Marily Flores v. TX Tech Univ Hlth Science Ctr, No. 18-10438 (5th Cir. 2019)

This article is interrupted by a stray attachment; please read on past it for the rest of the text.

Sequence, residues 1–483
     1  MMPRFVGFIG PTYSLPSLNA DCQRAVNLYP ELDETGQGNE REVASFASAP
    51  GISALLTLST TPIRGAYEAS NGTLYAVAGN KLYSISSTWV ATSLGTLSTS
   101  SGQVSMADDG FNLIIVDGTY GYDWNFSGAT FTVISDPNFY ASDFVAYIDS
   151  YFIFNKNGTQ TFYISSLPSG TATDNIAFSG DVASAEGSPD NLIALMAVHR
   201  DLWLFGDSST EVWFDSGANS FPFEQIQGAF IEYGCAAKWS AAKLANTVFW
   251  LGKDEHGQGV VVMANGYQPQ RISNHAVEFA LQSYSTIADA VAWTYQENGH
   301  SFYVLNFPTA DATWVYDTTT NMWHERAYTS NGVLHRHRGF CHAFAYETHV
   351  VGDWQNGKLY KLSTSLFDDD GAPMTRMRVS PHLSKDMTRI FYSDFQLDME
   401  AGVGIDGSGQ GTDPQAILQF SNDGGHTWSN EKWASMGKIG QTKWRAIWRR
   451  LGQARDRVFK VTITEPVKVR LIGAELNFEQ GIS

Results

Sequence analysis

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Case: 18-10438 Document: 00514811429 Page: 1 Date Filed: 01/28/2019 IN THE UNITED STATES COURT OF APPEALS FOR THE FIFTH CIRCUIT No. 18-10438 United States Court of Appeals Fifth Circuit FILED MARILY FLORES, January 28, 2019 Lyle W. Cayce Clerk Plaintiff - Appellant v. TEXAS TECH UNIVERSITY HEALTH SCIENCES CENTER, Defendant - Appellee Appeal from the United States District Court for the Northern District of Texas USDC No. 5:17-CV-199 Before HIGGINBOTHAM, ELROD, and HO, Circuit Judges. PER CURIAM:* Marily Flores formerly attended Texas Tech University Health Sciences Center (TTUHSC) as a scholarship student; she alleges that TTUHSC wrongfully dismissed her from its physician assistant program on account of her disability. Flores suffers from a “complicated ADD/ADHD, processing speed, and dyslexia diagnosis.” To accommodate her condition, TTUHSC arranged for Flores to take her exams at a special facility in El Paso, Texas, Pursuant to 5TH CIR. R. 47.5, the court has determined that this opinion should not be published and is not precedent except under the limited circumstances set forth in 5TH CIR. R. 47.5.4. * Case: 18-10438 Document: 00514811429 Page: 2 Date Filed: 01/28/2019 No. 18-10438 where she could benefit from extended time and specially trained proctors. During an exam, Flores left her cell phone in her pocket, which was against the rules. Rather than inform a proctor, she proceeded to take it out. Flores alleges that her behavior was prompted by her disability which caused her to become “overwhelmed.” The proctors, however, concluded that she was cheating and reported it. The program director elected to file misconduct charges and the matter proceeded to a hearing at Flores’s request. Flores takes issue with how TTUHSC conducted its inquiry. She alleges that by questioning her at the test site and during the hearing, TTUHSC compromised her ability to defend herself since her disability makes her easily flustered. She contends that TTUHSC should have accommodated her throughout the process and that its failure to do so was a violation of her rights under both Title II of the Americans with Disabilities Act and the Rehabilitation Act. She filed suit under both statutes, but the district court dismissed her claims. It ruled that Flores’ Title II claim was barred by sovereign immunity and that she failed to state a valid claim under the Rehabilitation Act. Flores requested leave to amend her complaint. It too was denied. We have carefully reviewed the briefs, the applicable law, and the relevant parts of the record, and heard oral argument. The district court committed no reversible error. For the same reasons Flores failed to state a valid claim under the Rehabilitation Act, she also failed to state a valid claim under Title II of the ADA. The defects in her pleadings could not be corrected by an opportunity to amend. As such, we affirm the dismissal of both her claims for failure to state a claim and do not reach the question of sovereign immunity. The judgment is AFFIRMED. 2